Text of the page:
Publishing for science or science for publications? The role of open science to reduce research waste – Siegerink – 2021 – Journal of Thrombosis and Haemostasis – Wiley Online Library

“One of the underlying ideas of Open Science is that when scientists are open about what they are doing, and what they have been up to, double work can be prevented. For example, Prospero (https://www.crd.york.ac.uk/prospero/), a registry in which authors can file their initiative to execute a systematic review and meta-analysis can indeed fulfill that role. However, Chapelle et al show that only 10 of the 20 meta-analyses were indeed preregistered. …

Another way to reduce redundant publications is to share research before it is peer-reviewed by publishing it on a preprint server such as medRxiv.org. Although the coronavirus disease 2019 pandemic has popularized this practice, it is only used for a small fraction of all research output. Would further adoption of this practice be a way to further reduce research waste? The data collected by Chapelle et al suggest that the time window between “received” and “published online” was short. Preprints will only prevent double work when there is a sufficiently large window between these two timepoints during which other researchers have to decide whether or not to start a new project….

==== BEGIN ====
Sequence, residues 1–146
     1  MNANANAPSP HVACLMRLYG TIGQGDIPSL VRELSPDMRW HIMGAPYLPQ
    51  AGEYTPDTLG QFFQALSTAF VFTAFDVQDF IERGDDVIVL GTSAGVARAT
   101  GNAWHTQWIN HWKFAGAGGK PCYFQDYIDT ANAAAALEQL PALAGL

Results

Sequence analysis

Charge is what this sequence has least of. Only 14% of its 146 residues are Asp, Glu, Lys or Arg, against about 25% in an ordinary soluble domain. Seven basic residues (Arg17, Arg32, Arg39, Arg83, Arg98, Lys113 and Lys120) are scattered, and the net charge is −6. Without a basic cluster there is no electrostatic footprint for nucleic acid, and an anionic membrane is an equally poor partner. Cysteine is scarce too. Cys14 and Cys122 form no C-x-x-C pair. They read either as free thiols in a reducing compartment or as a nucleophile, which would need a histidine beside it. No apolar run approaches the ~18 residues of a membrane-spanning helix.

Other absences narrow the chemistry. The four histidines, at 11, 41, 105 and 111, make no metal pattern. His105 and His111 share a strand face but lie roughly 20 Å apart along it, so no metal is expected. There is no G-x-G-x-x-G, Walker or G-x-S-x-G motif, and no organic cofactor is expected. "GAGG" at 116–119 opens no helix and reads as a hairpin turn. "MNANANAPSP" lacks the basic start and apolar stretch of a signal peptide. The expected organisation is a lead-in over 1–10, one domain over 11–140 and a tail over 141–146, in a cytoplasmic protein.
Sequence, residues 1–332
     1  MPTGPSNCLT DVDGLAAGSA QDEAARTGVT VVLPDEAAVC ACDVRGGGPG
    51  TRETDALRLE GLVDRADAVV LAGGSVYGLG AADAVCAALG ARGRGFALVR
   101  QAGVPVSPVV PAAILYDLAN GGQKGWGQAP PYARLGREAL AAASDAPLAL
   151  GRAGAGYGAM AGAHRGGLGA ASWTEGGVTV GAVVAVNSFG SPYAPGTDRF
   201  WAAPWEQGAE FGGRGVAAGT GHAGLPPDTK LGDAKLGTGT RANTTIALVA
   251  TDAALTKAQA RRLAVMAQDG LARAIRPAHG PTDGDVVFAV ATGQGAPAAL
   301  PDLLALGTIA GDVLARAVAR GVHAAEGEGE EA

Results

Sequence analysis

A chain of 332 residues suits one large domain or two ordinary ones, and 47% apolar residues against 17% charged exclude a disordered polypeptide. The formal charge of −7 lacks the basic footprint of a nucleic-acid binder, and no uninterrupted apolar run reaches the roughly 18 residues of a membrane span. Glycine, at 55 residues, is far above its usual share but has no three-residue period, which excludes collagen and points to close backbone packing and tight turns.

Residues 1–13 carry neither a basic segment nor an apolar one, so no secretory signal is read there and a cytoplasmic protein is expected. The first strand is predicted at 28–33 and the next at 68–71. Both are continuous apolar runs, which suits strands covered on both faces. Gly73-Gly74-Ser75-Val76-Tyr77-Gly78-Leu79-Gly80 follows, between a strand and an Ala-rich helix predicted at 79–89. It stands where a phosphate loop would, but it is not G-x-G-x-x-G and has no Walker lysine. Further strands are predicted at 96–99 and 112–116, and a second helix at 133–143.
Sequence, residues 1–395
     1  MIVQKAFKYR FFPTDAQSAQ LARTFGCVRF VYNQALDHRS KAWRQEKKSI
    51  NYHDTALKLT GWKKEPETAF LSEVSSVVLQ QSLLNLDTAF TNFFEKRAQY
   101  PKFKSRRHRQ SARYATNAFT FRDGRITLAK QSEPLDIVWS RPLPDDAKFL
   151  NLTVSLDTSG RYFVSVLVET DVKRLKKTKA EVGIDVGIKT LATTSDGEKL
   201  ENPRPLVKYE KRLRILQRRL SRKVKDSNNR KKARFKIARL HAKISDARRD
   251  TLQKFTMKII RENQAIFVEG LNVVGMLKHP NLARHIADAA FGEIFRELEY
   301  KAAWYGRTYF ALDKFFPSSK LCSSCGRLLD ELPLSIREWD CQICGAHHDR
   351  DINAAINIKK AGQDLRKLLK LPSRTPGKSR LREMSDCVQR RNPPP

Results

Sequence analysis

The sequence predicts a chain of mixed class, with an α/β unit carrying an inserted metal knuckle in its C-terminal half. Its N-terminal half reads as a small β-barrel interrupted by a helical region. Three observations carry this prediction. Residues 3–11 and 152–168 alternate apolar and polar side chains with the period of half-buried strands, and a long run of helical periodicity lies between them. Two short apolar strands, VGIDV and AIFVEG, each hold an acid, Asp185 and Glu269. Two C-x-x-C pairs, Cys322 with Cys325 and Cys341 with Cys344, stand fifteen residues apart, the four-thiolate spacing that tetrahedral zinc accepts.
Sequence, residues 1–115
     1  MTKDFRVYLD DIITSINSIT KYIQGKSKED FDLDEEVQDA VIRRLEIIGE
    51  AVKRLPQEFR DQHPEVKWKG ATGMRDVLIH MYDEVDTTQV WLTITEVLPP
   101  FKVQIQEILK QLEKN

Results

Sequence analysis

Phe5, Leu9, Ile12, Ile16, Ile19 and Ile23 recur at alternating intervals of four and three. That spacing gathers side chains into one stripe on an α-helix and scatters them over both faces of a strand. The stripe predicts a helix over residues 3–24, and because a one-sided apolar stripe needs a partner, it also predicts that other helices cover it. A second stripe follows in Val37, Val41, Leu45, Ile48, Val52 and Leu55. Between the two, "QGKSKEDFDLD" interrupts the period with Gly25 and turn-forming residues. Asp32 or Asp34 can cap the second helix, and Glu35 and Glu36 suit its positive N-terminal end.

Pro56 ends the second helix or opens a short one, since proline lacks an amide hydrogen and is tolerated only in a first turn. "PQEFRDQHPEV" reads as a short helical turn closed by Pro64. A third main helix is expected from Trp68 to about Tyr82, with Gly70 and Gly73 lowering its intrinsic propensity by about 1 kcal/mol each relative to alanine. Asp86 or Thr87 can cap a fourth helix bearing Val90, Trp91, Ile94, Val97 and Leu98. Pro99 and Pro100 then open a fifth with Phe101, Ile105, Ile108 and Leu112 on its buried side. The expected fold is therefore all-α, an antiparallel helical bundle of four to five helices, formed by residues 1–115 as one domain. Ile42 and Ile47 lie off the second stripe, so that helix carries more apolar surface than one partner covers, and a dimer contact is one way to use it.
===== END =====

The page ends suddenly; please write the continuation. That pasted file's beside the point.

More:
As long as the scientific enterprise incentivizes research waste and science for publications, time and resources are wasted. Open science practices cannot counteract this because they do not address the root cause….”

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